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  • Research article
  • Open Access

From expression pattern to genetic association in asthma and asthma-related phenotypes

  • 1,
  • 2,
  • 2 and
  • 1Email author
BMC Research Notes20125:630

  • Received: 21 May 2012
  • Accepted: 6 November 2012
  • Published:



Asthma is a complex disease characterized by hyperresponsiveness, obstruction and inflammation of the airways. To date, several studies using different approaches as candidate genes approach, genome wide association studies, linkage analysis and genomic expression leaded to the identification of over 300 genes involved in asthma pathophysiology. Combining results from two studies of genomic expression, this study aims to perform an association analysis between genes differently expressed in bronchial biopsies of asthmatics compared to controls and asthma-related phenotypes using the same French-Canadian Caucasian population.


Before correction, 31 of the 85 genes selected were associated with at least one asthma-related phenotype. We found four genes that survived the correction for multiple testing. The rs11630178 in aggrecan gene (AGC1) is associated with atopy (p=0.0003) and atopic asthma (p=0.0001), the rs1247653 in the interferon alpha-inducible protein 6 (IFI6), the rs1119529 in adrenergic, alpha-2A-, receptor (ADRA2A) and the rs13103321 in the alcohol dehydrogenase 1B (class I), beta polypeptide (ADH1B), are associated with asthma (p=0.019; 0.01 and 0.002 respectively).


To our knowledge, this is the first time those genes are associated with asthma and related traits. Consequently, our study confirms that genetic and expression studies are complementary to identify new candidate genes and to investigate their role to improve the comprehension of the complexity of asthma pathophysiology.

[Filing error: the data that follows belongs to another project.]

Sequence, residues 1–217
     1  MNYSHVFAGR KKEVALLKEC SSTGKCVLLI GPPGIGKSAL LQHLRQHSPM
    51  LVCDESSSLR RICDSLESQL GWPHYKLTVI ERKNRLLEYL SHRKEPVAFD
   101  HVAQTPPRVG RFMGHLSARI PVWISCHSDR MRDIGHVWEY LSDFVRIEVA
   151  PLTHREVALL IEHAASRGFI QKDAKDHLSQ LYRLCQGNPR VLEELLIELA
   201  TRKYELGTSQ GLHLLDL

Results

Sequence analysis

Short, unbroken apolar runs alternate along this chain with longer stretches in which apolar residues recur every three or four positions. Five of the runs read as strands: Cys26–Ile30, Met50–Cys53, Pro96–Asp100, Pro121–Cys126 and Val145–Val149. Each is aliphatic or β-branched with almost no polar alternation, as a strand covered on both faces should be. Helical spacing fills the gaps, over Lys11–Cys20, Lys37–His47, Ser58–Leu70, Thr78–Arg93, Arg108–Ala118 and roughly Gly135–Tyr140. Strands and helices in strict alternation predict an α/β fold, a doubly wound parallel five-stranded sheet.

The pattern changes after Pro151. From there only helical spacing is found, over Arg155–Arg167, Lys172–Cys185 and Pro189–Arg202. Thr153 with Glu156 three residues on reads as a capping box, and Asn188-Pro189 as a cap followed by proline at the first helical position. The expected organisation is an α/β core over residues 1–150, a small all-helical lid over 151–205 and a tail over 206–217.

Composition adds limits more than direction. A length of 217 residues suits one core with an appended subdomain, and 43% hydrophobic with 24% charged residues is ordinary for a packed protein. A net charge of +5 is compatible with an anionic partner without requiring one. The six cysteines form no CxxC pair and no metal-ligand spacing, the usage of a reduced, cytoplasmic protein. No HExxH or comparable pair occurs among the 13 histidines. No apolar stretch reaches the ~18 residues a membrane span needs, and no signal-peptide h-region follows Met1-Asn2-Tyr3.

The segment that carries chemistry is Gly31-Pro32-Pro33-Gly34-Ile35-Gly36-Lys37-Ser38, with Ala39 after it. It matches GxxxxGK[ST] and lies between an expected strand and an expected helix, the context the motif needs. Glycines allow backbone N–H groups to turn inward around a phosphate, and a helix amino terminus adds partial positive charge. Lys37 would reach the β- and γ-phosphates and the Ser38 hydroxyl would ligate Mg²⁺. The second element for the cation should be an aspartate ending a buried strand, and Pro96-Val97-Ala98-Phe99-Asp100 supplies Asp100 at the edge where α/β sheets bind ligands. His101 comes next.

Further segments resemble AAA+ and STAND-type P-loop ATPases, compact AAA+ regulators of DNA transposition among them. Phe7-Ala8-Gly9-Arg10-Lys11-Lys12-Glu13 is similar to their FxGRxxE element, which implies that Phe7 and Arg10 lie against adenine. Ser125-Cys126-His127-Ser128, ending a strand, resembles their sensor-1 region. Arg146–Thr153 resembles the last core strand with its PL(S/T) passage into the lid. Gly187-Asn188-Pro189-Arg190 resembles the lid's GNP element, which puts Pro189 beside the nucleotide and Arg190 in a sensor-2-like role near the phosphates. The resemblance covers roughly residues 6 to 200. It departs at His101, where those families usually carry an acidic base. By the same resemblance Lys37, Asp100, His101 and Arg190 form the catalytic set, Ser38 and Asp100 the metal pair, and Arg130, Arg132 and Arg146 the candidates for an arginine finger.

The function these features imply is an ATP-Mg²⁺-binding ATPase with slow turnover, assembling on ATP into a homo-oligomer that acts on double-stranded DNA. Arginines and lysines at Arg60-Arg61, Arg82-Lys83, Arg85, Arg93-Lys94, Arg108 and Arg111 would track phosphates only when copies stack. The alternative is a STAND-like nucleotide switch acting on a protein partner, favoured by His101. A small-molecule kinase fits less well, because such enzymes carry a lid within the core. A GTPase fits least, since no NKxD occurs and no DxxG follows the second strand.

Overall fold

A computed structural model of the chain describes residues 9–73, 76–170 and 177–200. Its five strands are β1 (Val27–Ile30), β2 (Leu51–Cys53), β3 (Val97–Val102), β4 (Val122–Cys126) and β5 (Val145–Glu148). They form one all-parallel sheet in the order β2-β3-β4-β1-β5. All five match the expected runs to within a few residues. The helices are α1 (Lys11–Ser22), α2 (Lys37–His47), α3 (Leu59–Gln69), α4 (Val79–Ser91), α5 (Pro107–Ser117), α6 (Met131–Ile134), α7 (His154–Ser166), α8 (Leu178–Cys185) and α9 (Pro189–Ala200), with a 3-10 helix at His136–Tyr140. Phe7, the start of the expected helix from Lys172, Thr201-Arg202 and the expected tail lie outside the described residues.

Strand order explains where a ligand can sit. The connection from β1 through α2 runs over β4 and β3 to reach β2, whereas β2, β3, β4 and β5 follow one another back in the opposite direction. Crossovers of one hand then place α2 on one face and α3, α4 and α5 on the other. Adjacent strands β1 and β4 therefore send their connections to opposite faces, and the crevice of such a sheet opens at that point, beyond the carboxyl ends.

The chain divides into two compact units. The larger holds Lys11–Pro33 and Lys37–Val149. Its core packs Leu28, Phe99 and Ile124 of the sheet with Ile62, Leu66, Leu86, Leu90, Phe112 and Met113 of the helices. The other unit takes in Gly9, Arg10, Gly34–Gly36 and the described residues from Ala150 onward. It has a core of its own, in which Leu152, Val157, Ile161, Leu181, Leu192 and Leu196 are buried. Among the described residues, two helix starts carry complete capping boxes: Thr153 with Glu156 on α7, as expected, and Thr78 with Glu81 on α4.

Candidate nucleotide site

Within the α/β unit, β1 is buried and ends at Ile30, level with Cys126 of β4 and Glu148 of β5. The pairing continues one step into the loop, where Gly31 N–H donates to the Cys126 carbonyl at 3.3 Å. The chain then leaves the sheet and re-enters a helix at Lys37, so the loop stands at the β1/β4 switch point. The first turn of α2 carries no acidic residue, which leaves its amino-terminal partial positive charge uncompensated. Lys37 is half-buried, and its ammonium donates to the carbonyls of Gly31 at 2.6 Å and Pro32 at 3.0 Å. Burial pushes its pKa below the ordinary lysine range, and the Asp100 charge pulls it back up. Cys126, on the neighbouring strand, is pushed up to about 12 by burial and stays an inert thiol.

• Asthma
  • Atopy
  • Atopic asthma
  • Microarrays
  • Association study
  • Expression profile
  • AGC1
  • ADRA2A
  • IFI6
  • ADH1B


Asthma is a complex disease which is characterized by hyperresponsiveness, obstruction and inflammation of the airways and is modulated by the interaction of genetic and environmental factors[1]. The appearance of an immune response and of a remodeling process, which implicates structural and inflammatory cells, dictates the development, the severity and the chronicity of asthma[2]. Atopy, which also shows a genetic component, is characterized by the excessive production of immunoglobulin E in response to environmental allergens and is an important risk factor of asthma[3]. Using candidate genes approach, genome wide association studies, linkage analysis or genomic expression, studies of the last decades revealed that the pathophysiology of asthma is related with more than 300 genes[4, 5]. Indeed, several studies showed that microarrays are a relevant tool to highlight genes that are implicated in the different processes occurring during asthma.[6, 7] This study aims firstly to demonstrate that expression and genetic association studies complement each other and secondly to test the hypothesis that differences in the expression of several genes identified in the studies of Laprise et al.[8] and Chamberland et al.[9] could be caused by genetic variants. To achieve this, we combined the results of Laprise et al. and Chamberland et al. and performed association analysis between the differently expressed genes and asthma-related phenotypes in the family sample of Saguenay–Lac-St-Jean (SLSJ). The present study identified four significantly associated genes, which are the aggrecan gene (AGC1) the interferon alpha-inducible protein 6 (IFI6), the adrenergic, alpha-2A-, receptor (ADRA2A) and the alcohol dehydrogenase 1B (class I), beta polypeptide (ADH1B).


Selection of genes

The selection of genes was made according to the results of two previous studies of Laprise et al. and Chamberland et al.[8, 9]. Both studies included bronchial biopsies from four asthmatic subjects and four controls (from the Respiratory Health Network biobank of the Fonds de la recherche du Québec en santé (FRQS)) and aimed to identify differently expressed genes related to asthma. The study of Laprise et al. (Series GSE15823 on GEO) used the U95Av2 array and a t-test with Bonferroni correction with a fold change threshold of 2.0, whereas Chamberland et al. (Series GSE41649 on GEO) used the U133A array and Smyth’s moderated t-test with a fold change threshold of 1.8 as selection criteria. Both of them had a signification level at 0.05. Those two studies allowed to identify a total of 100 differently expressed genes and classified them in 13 functional groups (see Table1).